The Year that was 2020 – Part 2 of 2

A look back on my music journey over the past 12 months

This is second and last installment of my two-part year in review. In case you missed part 1, you can read it here.

Celebrating new music one song at a time

With more than 150 songs highlighted since the launch of the Best of What’s New feature, I find it impossible to call out the best tunes. As I wrote in the inaugural March 21 post, While I don’t see myself starting to write about electronic dance music or Neue Deutsche Haerte a la Rammstein, I’m hoping to keep these posts a bit eclectic. I realize the characterization “best” is pretty subjective. If a song speaks to me, it’s fair game. I should perhaps have added that I don’t need to like other tunes by an artist to include them. It’s literally about the specific song.

Best of What’s New installments have featured tunes ranging from prominent artists like Sheryl Crow, The Rolling Stones and Tom Petty to lesser known acts like rock bands Brother Man and Mondo Silicone and Austin, Texas-based band leader Joe Sparacino, aka. Dr. Joe. Frequently, these posts triggered new album reviews, e.g., LeRoux (One of Those Days), Mick Hayes (My Claim to Fame) and Niedeckens BAP (Alles Fliesst). Following are four songs I discovered in the context of Best of What’s New.

Dr. Joe: Believer

From Dr. Joe’s websiteBased in Austin TX but raised on a farm outside Salina, Kansas, band leader Joe Sparacino spent his early childhood learning piano from a southern gospel choir matron and listening to his family’s old vinyl collection of Ray Charles, Leon Russell and James Booker. Released on April 10, Believer was Dr. Joe’s then-latest single and it’s cooking!

The Reverberations: Under Your Spell

The Reverberations are a five-piece band from Portland, Ore. Their Bandcamp profile characterizes their music as “’60s influenced psychedelic jangle.” I’d call it psychedelic garage rock. Under Your Spell, the B-side to their single Palm Reader released May 28, features some cool Byrds-ey guitars and nice keyboard work. Did I mention it’s also got a quite catchy melody? And check out the lovely psychedelic cover art – super cool all around! For more on this great band, you can read my review of their February 2019 album Changes, their most recent full-fledged studio release.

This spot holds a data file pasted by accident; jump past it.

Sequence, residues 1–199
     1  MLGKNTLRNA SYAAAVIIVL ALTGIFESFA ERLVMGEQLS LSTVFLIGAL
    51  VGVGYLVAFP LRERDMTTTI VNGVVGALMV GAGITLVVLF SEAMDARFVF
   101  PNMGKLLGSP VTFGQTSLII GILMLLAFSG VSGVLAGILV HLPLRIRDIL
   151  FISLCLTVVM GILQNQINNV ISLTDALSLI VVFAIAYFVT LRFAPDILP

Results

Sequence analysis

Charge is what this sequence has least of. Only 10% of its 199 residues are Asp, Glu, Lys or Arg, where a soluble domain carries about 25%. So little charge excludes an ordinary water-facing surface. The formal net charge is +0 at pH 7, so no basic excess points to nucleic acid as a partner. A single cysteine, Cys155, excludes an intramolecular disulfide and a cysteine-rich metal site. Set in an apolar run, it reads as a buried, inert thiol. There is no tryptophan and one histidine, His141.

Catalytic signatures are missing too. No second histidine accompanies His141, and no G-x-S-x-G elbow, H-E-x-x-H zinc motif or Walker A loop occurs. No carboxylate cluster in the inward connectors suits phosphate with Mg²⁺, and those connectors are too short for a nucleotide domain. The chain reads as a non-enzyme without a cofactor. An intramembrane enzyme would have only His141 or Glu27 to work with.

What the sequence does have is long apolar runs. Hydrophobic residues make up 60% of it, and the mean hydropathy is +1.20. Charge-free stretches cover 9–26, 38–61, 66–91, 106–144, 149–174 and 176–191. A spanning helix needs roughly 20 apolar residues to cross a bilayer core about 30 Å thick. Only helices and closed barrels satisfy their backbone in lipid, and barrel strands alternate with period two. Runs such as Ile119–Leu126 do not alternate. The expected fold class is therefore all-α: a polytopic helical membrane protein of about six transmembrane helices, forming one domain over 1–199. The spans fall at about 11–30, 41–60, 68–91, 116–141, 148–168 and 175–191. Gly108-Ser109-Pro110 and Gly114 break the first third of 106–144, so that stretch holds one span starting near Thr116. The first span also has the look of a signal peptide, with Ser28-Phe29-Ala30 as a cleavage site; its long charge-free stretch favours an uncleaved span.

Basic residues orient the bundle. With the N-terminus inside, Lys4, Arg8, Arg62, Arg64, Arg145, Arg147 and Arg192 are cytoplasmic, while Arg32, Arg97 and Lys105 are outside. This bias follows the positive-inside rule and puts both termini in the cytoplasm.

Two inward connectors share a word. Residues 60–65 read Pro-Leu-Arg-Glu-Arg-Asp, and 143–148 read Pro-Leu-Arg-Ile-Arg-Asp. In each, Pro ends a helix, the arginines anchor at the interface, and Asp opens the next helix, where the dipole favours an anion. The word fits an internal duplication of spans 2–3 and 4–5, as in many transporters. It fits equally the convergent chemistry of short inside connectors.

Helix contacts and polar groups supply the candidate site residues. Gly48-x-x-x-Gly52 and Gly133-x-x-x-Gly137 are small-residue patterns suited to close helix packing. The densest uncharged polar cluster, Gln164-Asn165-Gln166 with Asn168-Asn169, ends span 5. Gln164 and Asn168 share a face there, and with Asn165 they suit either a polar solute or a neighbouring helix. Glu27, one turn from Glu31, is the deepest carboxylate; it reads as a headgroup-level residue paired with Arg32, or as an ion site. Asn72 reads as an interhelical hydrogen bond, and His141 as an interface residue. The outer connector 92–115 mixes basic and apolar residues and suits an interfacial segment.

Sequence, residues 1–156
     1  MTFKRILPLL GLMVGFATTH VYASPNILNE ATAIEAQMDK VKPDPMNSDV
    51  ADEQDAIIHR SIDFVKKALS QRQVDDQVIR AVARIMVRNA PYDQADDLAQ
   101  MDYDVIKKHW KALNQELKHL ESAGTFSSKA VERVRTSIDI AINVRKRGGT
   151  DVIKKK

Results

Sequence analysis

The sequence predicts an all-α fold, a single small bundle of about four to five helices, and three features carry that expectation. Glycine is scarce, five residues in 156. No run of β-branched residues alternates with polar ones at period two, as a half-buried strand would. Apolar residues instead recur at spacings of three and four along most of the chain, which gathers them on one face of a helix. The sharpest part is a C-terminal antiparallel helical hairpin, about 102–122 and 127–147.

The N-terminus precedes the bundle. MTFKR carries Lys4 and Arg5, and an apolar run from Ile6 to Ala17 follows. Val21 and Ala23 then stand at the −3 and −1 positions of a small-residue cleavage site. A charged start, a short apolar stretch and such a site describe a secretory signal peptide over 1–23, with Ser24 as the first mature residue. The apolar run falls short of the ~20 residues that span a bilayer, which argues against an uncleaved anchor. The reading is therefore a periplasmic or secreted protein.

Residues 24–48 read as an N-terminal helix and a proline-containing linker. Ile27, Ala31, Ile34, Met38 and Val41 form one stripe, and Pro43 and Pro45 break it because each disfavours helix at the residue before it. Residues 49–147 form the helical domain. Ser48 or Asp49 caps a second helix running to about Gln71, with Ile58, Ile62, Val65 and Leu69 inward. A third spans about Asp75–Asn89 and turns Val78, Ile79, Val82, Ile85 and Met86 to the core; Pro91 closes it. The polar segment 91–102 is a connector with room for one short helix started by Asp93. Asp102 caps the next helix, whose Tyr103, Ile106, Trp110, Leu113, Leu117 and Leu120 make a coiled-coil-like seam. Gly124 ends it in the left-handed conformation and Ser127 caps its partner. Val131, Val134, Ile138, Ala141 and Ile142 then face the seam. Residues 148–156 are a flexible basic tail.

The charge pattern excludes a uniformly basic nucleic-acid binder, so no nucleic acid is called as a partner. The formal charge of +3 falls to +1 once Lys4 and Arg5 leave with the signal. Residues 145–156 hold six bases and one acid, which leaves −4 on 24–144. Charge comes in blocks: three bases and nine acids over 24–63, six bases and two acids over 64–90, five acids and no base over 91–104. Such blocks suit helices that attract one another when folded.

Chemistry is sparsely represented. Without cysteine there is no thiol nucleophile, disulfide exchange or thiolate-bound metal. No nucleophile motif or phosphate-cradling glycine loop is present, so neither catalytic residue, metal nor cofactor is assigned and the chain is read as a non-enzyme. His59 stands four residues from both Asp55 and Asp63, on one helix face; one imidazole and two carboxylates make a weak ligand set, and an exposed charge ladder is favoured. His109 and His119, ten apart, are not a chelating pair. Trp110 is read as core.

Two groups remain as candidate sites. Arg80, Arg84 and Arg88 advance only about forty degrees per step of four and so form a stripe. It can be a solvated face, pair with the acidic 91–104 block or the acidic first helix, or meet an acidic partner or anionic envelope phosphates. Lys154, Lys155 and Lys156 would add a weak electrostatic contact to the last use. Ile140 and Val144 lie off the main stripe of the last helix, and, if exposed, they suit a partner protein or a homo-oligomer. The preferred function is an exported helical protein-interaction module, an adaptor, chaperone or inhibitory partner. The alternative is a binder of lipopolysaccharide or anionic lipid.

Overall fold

Kat Riggins: No Sale

Kat Riggins is a blues artist hailing from Miami. According to her website, She travels the world with the sole mission of keeping the blues alive and thriving through her Blues Revival Movement. She has been vocally compared to Koko Taylor, Etta James and Tina Turner to name a few. The nice blues rocker No Sale, which has a bit of a ZZ Top vibe, is from Riggins’ fourth album Cry Out released on August 14. That woman’s got it!

Greta Van Fleet: Age of Machine

Age of Machine is the second single from Greta Van Fleet’s next album The Battle at Garden’s Gate, which is scheduled for April 16, 2021. I think this kickass rocker provides more evidence the young band has evolved their style, moving away from their initial Led Zeppelin-influenced sound. Looking forward to the album!

Live music in the year of the pandemic…

Except for two tribute band concerts in January, pretty measly for the ‘King of the Tribute Band,’ I didn’t go to any live gigs this year. Shows for which I had tickets, including The Temptations and The Four Tops, Ringo Starr and His All Starr Band, and Steely Dan with special guest Steve Winwood, were rescheduled until April, June and July 2021, respectively. Perhaps with the exception of the last concert, I hope all other shows will be rescheduled a second time and moved back to the second half of the year. For somebody who loves live music and over the past 4-5 years has gotten into the habit of seeing an average 20-30 shows per year (counting lower cost tribute band and free summer type concerts), seizing live concerts it’s a bitter but necessary pill to swallow until this lethal pandemic is behind us.

I ended up watching two live concerts via Internet stream: Southern Avenue at Instrumenthead Live Studio in Nashville, Tenn. last week, and Mike Campbell’s band The Dirty Knobs at the Troubador in Los Angeles in late November. It was fun and also a nice opportunity to support music via voluntary donations in lieu of buying official tickets, but no virtual experience can replace the real deal.

Some final musings…

While my primary motivation for the blog has always been the joy I get from writing about a topic I love, i.e., music, it’s nice to see continued growth in visitor traffic, followers and feedback. Just like in 2019, the most popular post remained my January 2018 piece about Bad Company’s live CD/DVD collection from their May 15, 2016 show at Red Rocks Amphitheatre; personally, I find the post average at best. By comparison, my July 12, 2020 post about the mellotron, which I’m proud of, received less than one percent of traffic than the Bad Company post. Perhaps, it was too geeky! 🙂 It’s funny how these things sometimes go.

I’d like to thank all visitors of the blog. If you’re here for the first time, you’re welcome back anytime. If you’re a regular, I hope you keep coming back. I also enjoy receiving comments, including different opinions. All I ever ask is to keep things civil.